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Suppose a developer receives software from XX with a license permitting unlimited modification and redistribution as well as full ownership of any original content. The only restriction being no selling/monetizing anything which packages XX's code.

So that other developers could build off of the functionality of XX’s code without packaging it and becoming limited in their commercial usage, this developer creates a wrapper for indirectly interfacing with XX's software and distributes it with a GNU GPLv3 license.

Downstream users now have GPL licensed software containing XX’s code. If they fork it, the GPL which comes with the software would indicate that they could sell their fork for a price. However, XX’s software license (while not requiring that the license itself it be transmitted with the software) still asserts that selling content containing their code is forbidden.

My understanding is that this is effectively an "inferred" dual license, since the developer of the interface cannot simply re-license XX’s code under the GPL which permits commercial usage.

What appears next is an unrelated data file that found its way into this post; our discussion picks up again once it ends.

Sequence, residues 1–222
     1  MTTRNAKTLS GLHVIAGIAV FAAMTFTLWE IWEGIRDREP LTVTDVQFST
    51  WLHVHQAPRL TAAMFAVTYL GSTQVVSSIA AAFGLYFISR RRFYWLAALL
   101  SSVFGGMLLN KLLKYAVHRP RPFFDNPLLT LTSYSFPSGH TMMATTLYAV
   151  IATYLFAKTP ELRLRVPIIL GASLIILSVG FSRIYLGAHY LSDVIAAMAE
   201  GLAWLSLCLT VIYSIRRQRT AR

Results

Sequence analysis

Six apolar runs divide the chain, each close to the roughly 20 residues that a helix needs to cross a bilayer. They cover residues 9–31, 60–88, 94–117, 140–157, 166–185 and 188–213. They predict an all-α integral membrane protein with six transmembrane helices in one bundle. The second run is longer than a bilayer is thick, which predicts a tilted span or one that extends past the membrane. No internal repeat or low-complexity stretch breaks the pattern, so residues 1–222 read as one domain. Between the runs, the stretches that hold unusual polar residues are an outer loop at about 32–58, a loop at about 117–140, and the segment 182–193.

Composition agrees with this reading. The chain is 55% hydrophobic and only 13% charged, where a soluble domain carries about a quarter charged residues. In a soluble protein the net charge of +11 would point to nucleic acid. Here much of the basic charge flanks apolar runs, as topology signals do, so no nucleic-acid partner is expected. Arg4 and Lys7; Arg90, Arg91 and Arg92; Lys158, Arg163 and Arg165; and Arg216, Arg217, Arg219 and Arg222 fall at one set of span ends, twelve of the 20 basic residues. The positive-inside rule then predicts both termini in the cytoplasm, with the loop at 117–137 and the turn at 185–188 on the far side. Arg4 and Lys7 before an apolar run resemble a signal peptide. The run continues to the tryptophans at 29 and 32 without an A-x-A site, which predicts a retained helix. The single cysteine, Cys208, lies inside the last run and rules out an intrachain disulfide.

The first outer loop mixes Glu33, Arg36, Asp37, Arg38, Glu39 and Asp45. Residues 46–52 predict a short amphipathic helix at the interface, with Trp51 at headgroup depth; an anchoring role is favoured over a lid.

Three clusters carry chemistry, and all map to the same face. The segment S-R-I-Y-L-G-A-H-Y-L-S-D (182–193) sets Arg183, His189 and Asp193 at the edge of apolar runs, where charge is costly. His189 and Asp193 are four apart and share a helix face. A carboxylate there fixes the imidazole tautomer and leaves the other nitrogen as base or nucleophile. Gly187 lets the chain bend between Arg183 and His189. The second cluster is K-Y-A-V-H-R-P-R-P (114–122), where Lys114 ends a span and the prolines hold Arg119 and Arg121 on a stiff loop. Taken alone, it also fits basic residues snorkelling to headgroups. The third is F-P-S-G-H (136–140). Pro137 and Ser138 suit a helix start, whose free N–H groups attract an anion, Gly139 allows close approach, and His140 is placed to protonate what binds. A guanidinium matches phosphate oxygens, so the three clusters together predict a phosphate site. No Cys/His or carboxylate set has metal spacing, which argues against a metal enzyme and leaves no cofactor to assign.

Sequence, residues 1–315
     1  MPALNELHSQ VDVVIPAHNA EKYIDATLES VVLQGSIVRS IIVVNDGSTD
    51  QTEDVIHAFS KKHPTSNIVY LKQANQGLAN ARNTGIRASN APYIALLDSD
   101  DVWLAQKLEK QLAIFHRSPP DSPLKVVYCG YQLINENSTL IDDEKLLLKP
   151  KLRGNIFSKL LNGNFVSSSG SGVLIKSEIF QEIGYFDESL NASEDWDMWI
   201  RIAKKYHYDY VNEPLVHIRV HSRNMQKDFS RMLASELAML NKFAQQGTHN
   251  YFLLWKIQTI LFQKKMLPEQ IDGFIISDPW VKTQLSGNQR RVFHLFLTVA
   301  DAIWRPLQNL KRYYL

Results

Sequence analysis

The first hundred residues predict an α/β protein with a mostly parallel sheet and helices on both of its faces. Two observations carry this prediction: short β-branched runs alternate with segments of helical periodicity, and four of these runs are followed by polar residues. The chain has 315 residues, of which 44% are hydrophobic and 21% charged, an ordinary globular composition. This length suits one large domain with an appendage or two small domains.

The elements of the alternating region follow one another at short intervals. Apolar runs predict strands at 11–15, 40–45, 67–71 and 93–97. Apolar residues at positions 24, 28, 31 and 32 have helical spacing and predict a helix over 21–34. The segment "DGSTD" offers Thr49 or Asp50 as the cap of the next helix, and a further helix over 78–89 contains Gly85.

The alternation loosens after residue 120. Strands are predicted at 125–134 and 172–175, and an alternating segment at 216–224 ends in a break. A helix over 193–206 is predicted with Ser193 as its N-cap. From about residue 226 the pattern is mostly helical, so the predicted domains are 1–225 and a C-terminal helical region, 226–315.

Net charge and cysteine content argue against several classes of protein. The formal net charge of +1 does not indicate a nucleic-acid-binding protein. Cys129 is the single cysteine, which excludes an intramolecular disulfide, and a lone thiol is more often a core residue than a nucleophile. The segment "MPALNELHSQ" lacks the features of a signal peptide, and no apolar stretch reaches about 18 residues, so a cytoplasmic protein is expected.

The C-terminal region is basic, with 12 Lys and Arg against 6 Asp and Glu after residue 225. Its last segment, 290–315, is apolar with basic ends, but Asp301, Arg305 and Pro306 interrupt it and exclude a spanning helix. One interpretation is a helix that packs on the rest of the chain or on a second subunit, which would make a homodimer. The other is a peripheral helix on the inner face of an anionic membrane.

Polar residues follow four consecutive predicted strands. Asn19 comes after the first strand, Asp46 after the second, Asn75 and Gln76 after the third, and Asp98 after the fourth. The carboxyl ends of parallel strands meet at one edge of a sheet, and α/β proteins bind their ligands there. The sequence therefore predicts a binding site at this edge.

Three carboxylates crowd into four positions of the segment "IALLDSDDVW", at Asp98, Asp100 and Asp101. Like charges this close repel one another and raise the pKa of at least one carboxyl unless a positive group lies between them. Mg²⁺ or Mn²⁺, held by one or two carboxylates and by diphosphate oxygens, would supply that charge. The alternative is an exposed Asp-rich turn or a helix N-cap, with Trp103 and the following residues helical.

Since the GPL allows commercial usage and XX’s code does not, and since the GPL forbids "further restrictions" not permitted by section 7’s a—f, I believe the two licenses are incompatible, and thus downstream conveyers of the software must choose one license or the other to adopt for their derivatives.

Is this correct?

If my understanding of dual licensing is correct; then if they choose to create and distribute a derivative containing XX’s code, they MUST adopt XX’s license and not the GPL. However, if they choose to create and distribute a derivative not containing XX’s code, they have the option of adopting either the GPL or XX’s license.

Have I erred in this conclusion?